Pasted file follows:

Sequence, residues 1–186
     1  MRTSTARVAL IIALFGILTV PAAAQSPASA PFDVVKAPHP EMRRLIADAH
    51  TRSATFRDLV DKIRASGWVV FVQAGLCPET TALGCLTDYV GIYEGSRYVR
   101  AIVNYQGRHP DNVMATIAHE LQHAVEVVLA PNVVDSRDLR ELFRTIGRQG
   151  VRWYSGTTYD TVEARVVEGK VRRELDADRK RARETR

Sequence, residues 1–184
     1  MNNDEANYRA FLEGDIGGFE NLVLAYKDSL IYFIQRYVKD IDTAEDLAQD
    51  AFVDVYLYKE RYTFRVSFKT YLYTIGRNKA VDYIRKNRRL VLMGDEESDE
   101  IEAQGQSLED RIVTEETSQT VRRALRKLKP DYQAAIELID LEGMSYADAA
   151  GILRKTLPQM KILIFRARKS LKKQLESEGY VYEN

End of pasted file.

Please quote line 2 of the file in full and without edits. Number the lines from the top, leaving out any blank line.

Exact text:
     1  MRTSTARVAL IIALFGILTV PAAAQSPASA PFDVVKAPHP EMRRLIADAH